Wednesday, June 30, 2010

Life Right Now

I am in the US for the summer now, and I notice that I seem to write more on my blog when I am away from Kuwait. I think that is for many reasons like starting a new job, but perhaps the biggest one is that I am just now coming out of a culture shock daze. The funny thing is I haven't experienced culture shock for the reasons that most people would expect of an American living in the Middle East. It is the day-to-day stuff that hits me most: driving, common courtesies differences, communication style differences, employee/employer expectations, etc.

It is not my intention to expound on the many ways that life has changed, is challenging or difficult, or to illustrate these points with many images of the absurdities of my life. This would only feed into the common misconception that 'they' are different from 'us' theories. What is more interesting to me is the level of acceptance and peace that I have arrived at today. Make no mistake, I am still frustrated on a daily basis about the aforementioned issues, but after the dust of the frenetic first few years has finally settled and a pattern of life has emerged and crystallized, I have to admit that there are many benefits of living in the Middle East that surpass living in the US.
And I can honestly say now that my decision to go there with my family has proved to be a good one.


بصيص said...

If you look at humans collectively as a species rather than "them and us", I think you'll find that the culture shock, which no doubt everyone in your situation would experience, is rather a shallow one.

Kuwaiti, American, Nigerian ... etc cultures are facades which fail to hide our true nature. It's more or less the same across the globe.

Carly said...

Yes, you are right, but most people, tend to fall into the 'them or us'/our tribe or not, etc. category- It is human nature. And the culture shock can be paralyzing!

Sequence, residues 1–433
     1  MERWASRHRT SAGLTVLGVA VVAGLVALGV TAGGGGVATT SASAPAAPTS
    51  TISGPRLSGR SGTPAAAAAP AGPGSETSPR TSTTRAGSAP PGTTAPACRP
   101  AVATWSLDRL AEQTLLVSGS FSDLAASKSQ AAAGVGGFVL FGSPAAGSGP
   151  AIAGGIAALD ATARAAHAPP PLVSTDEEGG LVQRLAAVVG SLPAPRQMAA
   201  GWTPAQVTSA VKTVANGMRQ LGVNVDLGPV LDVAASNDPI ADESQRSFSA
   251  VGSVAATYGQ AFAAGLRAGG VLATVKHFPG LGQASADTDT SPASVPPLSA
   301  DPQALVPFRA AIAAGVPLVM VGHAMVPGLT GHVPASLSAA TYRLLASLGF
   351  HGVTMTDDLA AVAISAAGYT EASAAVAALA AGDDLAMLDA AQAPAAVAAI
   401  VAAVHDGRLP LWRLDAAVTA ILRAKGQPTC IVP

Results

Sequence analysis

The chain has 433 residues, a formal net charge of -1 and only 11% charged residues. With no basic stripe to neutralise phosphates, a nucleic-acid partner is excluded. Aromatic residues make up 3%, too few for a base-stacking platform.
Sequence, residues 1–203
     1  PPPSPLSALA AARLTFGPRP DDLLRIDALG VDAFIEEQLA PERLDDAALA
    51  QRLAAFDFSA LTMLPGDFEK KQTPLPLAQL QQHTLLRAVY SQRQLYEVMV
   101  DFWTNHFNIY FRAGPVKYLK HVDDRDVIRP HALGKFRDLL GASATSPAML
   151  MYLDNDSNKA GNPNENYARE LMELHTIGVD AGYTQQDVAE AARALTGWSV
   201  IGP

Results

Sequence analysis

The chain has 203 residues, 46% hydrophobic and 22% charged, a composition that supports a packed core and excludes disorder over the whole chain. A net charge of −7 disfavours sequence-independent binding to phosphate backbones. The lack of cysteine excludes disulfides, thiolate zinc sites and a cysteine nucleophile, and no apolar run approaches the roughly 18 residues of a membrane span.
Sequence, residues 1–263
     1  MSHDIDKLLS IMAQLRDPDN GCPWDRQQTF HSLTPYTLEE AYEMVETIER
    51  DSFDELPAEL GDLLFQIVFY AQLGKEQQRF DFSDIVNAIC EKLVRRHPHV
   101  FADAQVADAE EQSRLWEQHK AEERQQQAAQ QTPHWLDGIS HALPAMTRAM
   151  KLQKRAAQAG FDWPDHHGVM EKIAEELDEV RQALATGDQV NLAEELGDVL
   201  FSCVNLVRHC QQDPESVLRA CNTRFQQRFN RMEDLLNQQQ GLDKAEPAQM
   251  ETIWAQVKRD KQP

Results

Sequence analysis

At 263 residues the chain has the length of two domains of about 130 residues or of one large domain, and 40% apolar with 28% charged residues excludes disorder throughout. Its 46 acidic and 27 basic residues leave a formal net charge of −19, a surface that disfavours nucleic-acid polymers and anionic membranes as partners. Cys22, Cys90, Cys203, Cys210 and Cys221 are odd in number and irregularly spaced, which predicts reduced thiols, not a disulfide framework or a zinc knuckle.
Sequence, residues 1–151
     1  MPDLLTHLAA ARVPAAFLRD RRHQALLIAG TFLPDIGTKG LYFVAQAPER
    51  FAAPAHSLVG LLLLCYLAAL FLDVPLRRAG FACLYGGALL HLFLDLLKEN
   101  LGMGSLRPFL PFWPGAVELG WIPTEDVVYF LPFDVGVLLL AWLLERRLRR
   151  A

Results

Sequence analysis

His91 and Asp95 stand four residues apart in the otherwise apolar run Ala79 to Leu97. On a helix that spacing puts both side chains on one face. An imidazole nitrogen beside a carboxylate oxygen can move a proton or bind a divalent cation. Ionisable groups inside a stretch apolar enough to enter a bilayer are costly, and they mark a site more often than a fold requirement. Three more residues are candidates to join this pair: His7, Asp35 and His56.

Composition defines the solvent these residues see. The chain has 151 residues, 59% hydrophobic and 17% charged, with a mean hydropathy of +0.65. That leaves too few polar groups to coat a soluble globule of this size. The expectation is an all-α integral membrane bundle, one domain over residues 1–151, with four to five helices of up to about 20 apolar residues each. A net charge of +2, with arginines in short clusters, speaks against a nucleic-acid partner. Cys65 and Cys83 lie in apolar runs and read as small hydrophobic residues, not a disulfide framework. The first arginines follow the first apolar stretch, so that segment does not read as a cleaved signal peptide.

I think it is very hard for most humans to realize the actual global nature of our species and frankly the provencial tendency serves its own cynical purposes.
I am just happy to be in a more positive mind frame now.

haberstr said...

Love your blog! Lived for many years in Japan but now may move, soon, to Kuwait or UAE. On your topic, I found myself capable of making decent generalizations about the Japanese, but after awhile didn't see the point, other than to make things seem more hopeless and conservative than they in fact were. People aren't automatons, just expressing their cultures; the best are always flexible, and listen; they may change, or explain why changing is not sensible from their perspective. And both sides doing that can make for great learning, friendships and fun.

Carly said...

Hello Haberstr,
Thanks for stopping by and leaving such insightful comments.
Well, if you have experienced living in a foreign country already, you may be more able to see the bright side of things here too. :) You know, I like the saying, "If I hadn't have believed it, I wouldn't have seen it." I think that pretty much sums up us as a species. You can find pluses and minuses wherever you are in life, right?
Let me know if you come to Kuwait! Best of luck.